In 1830, JS was designated by revelation as the “first elder” in the specific sense of his authority as the church’s presiding priesthood officer. During the period before the elaboration of church offices, he functioned in this role with Oliver Cowdery as...

View Glossary
are to receive their  endowment

The terms endow, endowed, and endowment—as well as endued and enduement—were used to describe the bestowal of spiritual blessings upon the Latter-day Saints. In common usage, these terms meant essentially the same thing: to clothe, to put on, to furnish, ...

View Glossary
in Kirtland

Located ten miles south of Lake Erie. Settled by 1811. Organized by 1818. Population in 1830 about 55 Latter-day Saints and 1,000 others; in 1838 about 2,000 Saints and 1,200 others; in 1839 about 100 Saints and 1,500 others. Mormon missionaries visited township...

More Info
before the redemption  of Zion

A specific location in Missouri; also a literal or figurative gathering of believers in Christ, characterized by adherence to ideals of harmony, equality, and purity. In JS’s earliest revelations “the cause of Zion” was used to broadly describe the focus ...

View Glossary
you will reccollect that your high  council will have power to say who of the  first Elders among the Children of Zion are  accounted worthy; and you will also reccollect  that you have my testamony in be half of  certain ones previously to my departure you  will reccollect that the sooner that these ambassadors  of the most high are dispatched to bear testamony to  lift up a warning voice and to proclaim the  everlasting gospel and to use every convincing  proof and facculty with this generation while  on their Journey. <to Kirtland

Located ten miles south of Lake Erie. Settled by 1811. Organized by 1818. Population in 1830 about 55 Latter-day Saints and 1,000 others; in 1838 about 2,000 Saints and 1,200 others; in 1839 about 100 Saints and 1,500 others. Mormon missionaries visited township...

More Info
*> <*The better it shall be for them and for Zion inasmuch as the indignation of the people sleepeth  for a while our time should be employed to the best advantage altho it is not the will  of God that any one of these ambassador[s] should hold their peace afte[r] they have startd  upon their Journey.> They should awaken <the> sympathy of  the people. I would reccommend to brother [William W.] Phelps

17 Feb. 1792–7 Mar. 1872. Writer, teacher, printer, newspaper editor, publisher, postmaster, lawyer. Born at Hanover, Morris Co., New Jersey. Son of Enon Phelps and Mehitabel Goldsmith. Moved to Homer, Cortland Co., New York, 1800. Married Sally Waterman,...

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 (If he is yet there) to write a petition such as will  be approved of by the high council and let there  be every signer obtained that can be in the State  of Missouri

Area acquired by U.S. in Louisiana Purchase, 1803, and established as territory, 1812. Missouri Compromise, 1820, admitted Missouri as slave state, 1821. Population in 1830 about 140,000; in 1836 about 240,000; and in 1840 about 380,000. Mormon missionaries...

More Info
and while they are on their Journey  to this country that paradventure we may learn [p. 85]
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JS, letter, Kirtland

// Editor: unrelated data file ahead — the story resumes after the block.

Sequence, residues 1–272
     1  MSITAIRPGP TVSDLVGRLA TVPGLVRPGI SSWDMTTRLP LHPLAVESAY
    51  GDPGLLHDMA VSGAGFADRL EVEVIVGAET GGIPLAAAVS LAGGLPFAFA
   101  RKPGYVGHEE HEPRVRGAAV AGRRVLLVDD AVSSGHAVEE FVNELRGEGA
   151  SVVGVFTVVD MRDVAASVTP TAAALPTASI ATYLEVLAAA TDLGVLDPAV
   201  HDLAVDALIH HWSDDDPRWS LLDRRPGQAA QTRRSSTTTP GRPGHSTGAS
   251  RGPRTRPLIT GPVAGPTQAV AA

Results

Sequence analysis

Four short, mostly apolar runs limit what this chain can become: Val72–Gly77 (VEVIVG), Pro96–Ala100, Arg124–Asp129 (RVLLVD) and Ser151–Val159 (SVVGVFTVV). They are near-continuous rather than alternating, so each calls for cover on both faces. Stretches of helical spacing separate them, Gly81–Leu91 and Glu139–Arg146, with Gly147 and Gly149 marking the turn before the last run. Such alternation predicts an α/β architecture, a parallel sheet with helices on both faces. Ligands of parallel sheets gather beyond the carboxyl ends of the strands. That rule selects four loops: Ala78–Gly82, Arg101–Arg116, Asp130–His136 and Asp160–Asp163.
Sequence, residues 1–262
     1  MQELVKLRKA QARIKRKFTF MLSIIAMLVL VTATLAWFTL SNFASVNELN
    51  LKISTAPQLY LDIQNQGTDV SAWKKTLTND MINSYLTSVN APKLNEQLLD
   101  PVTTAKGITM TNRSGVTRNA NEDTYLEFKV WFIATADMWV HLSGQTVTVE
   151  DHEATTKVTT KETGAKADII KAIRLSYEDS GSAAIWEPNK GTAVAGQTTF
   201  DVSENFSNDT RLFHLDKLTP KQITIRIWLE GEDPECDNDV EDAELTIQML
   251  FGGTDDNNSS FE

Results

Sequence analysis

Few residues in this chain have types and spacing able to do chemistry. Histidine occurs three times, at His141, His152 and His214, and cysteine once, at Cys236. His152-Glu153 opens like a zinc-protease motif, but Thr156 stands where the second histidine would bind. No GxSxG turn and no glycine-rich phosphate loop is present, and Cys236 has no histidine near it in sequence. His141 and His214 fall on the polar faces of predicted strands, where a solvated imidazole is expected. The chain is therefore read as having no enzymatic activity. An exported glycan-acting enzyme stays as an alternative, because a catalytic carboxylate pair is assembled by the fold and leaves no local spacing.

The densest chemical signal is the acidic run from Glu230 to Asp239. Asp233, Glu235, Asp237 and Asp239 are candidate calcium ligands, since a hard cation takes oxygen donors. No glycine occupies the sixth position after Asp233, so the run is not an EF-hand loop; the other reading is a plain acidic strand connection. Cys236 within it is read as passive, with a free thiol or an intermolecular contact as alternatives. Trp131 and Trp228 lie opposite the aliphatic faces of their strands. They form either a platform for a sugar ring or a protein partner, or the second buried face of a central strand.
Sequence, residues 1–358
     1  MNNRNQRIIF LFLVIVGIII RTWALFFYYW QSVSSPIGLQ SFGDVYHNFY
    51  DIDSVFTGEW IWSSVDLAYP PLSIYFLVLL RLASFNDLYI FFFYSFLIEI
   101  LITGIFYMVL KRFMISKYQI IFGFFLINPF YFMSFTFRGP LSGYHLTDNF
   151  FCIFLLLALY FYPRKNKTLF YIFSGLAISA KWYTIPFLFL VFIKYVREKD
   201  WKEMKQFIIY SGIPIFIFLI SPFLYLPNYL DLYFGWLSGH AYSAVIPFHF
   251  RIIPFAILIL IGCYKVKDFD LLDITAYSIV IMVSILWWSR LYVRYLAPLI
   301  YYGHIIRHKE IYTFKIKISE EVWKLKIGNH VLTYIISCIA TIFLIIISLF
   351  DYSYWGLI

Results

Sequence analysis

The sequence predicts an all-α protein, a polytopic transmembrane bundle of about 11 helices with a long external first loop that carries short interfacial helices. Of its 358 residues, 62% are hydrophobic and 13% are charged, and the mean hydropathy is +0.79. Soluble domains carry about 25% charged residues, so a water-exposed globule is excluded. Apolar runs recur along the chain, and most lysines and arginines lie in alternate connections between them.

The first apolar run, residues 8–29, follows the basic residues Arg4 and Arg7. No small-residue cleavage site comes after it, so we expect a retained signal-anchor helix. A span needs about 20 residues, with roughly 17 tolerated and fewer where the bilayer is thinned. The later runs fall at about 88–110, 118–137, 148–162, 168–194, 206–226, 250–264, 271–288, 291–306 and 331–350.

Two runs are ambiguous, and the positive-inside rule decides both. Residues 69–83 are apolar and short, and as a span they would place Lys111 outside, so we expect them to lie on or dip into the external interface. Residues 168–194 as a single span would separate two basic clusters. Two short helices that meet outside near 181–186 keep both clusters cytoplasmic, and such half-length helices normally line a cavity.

Located ten miles south of Lake Erie. Settled by 1811. Organized by 1818. Population in 1830 about 55 Latter-day Saints and 1,000 others; in 1838 about 2,000 Saints and 1,200 others; in 1839 about 100 Saints and 1,500 others. Mormon missionaries visited township...

More Info
, OH, to Lyman Wight

9 May 1796–31 Mar. 1858. Farmer. Born at Fairfield, Herkimer Co., New York. Son of Levi Wight Jr. and Sarah Corbin. Served in War of 1812. Married Harriet Benton, 5 Jan. 1823, at Henrietta, Monroe Co., New York. Moved to Warrensville, Cuyahoga Co., Ohio, ...

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, Edward Partridge

27 Aug. 1793–27 May 1840. Hatter. Born at Pittsfield, Berkshire Co., Massachusetts. Son of William Partridge and Jemima Bidwell. Moved to Painesville, Geauga Co., Ohio. Married Lydia Clisbee, 22 Aug. 1819, at Painesville. Initially a Universal Restorationist...

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, John Corrill

17 Sept. 1794–26 Sept. 1842. Surveyor, politician, author. Born at Worcester Co., Massachusetts. Married Margaret Lyndiff, ca. 1830. Lived at Harpersfield, Ashtabula Co., Ohio, 1830. Baptized into LDS church, 10 Jan. 1831, at Kirtland, Geauga Co., Ohio. Ordained...

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, Isaac Morley

11 Mar. 1786–24 June 1865. Farmer, cooper, merchant, postmaster. Born at Montague, Hampshire Co., Massachusetts. Son of Thomas Morley and Editha (Edith) Marsh. Family affiliated with Presbyterian church. Moved to Kirtland, Geauga Co., Ohio, before 1812. Married...

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, and others, Clay County

Settled ca. 1800. Organized from Ray Co., 1822. Original size diminished when land was taken to create several surrounding counties. Liberty designated county seat, 1822. Population in 1830 about 5,000; in 1836 about 8,500; and in 1840 about 8,300. Refuge...

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, MO, 16 Aug. 1834; handwriting of Frederick G. Williams

28 Oct. 1787–10 Oct. 1842. Ship’s pilot, teacher, physician, justice of the peace. Born at Suffield, Hartford Co., Connecticut. Son of William Wheeler Williams and Ruth Granger. Moved to Newburg, Cuyahoga Co., Ohio, 1799. Practiced Thomsonian botanical system...

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; in JS Letterbook 1, pp. 84–87; JS Collection, CHL.